A Place Everyone Should Visit: National Museum of African American History and Culture

A note: I am sorry for not posting in the past two weeks or so. The first week, my family came to town, which is what this post is about, and then I went to Atlanta to go on a graduate school visit.

What do you do on weekends with gorgeous 70 degree weather in Washington, DC? If you are like a lot of people two Saturdays ago, you took to the National Mall to see the peak bloom of the cherry blossoms that managed to survive the snow. My family and I also made the trip to the Mall, but spent the the day indoors at the National Museum of African American History and Culture (NMAAHC).

Inside the museum, looking up at the windows.

Inside the museum, looking up at the windows.

I first wrote about trying to get same-day tickets for the museum with my sister back in October. Right before my sister arrived, my mother and I managed to get 6 tickets to the NMAAHC on a Saturday in March. The weekend in March happened to coincide with my birthday, so my family made the trek from North Carolina to the District in order to celebrate and go to the new museum.

The grand staircase.

The grand staircase.

First off please, please, please go to this museum if you are able. It is incredibly well done and powerful. My family and I spent the entire day at the museum and still were not able to to devote enough time to everything. The highlights for us were the underground levels (the chronological history of the African American experience), the sports exhibit, and the music exhibit. You can find more information about getting timed passes at the NMAAHC website. Also, if you want a more in-depth description of the exhibits, I suggest you read this article in the New York Times written by Holland Cotter.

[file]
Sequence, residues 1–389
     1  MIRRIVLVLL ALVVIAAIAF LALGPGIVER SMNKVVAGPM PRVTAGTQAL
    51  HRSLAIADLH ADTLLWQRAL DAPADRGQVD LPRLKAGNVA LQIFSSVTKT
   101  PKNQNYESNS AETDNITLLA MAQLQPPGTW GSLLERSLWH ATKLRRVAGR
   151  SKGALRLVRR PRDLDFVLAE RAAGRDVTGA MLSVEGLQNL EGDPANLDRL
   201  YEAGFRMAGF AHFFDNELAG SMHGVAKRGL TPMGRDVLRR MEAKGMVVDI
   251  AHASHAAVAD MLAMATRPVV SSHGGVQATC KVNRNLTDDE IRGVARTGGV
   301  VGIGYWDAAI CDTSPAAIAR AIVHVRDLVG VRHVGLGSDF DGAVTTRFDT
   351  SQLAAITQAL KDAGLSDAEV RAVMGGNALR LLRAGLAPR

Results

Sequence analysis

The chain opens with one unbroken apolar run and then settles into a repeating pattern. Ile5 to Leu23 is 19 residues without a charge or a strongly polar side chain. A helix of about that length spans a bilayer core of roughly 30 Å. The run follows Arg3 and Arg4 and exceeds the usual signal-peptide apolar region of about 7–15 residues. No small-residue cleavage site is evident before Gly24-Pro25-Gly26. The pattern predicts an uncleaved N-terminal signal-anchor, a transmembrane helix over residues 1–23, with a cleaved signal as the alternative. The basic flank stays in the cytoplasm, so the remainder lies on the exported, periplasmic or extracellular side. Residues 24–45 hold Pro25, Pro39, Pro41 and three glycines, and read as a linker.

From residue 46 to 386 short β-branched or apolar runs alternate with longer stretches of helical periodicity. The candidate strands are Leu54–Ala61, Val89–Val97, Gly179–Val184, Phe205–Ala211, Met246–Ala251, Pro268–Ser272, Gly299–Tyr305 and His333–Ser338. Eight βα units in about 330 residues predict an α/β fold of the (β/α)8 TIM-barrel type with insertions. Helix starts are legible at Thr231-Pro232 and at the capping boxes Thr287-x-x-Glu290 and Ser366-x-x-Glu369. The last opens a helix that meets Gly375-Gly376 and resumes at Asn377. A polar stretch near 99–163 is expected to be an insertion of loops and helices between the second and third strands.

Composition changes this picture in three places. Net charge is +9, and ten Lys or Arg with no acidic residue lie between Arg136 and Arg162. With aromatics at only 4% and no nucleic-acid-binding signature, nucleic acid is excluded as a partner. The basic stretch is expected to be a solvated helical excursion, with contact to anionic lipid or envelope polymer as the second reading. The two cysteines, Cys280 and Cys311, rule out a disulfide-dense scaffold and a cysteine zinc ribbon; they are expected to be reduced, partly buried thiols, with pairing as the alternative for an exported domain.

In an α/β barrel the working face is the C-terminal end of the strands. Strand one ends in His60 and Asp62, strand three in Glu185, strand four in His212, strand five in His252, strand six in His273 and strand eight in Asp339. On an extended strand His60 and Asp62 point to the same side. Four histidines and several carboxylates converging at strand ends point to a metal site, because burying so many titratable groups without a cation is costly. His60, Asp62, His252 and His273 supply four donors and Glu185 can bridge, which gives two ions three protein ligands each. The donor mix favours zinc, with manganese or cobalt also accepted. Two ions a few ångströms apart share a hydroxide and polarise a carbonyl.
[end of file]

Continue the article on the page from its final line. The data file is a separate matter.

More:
The Year of 1968 exhibit.

The Year of 1968 exhibit.

In regards to the museum as a public space, I think this museum may top the National Portrait Gallery as my favorite in terms of using their public non-exhibit spaces well. In addition, every part of the layout of the museum is beautiful and exceptional at drawing people in. For example, the bottom three floors are actually set into one giant underground room with levels. This means you see yourself winding up through history, but can also look down and see where you have come from. It is a very cool effect. I also think the above-ground floors juxtapose the underground portion by being much lighter in design, with the cutouts in the exterior iron work aligned with particular vistas on the National Mall. The atrium and concourse levels have plenty of open space that can and probably will be used for multiple uses once the museum becomes open to walk-ins like all of the other Smithsonian museums. Currently, the majority of the open space on the concourse level is set up as queues for the main exhibit and the cafeteria.

When we visited, the museum was overflowing with visitors. Everyone seemed excited to be there and stood patiently to see the exhibits. In particular, we stood in line for the main exhibit for about 45 minutes before entering, but the line moved quickly. We also waited in line for the cafeteria; we were so hungry when we finally managed to get food, we gobbled it up. The upstairs exhibits were much less crowded and we could peruse the exhibits without feeling like we were blocking other people from seeing them if we stayed in one place for a long time.

The NMAAHC was designed as a museum for today and the future. I can definitely see it growing into itself as the timed pass system is slowly faded away, but that does not mean you should wait to see this museum. IMG_5261

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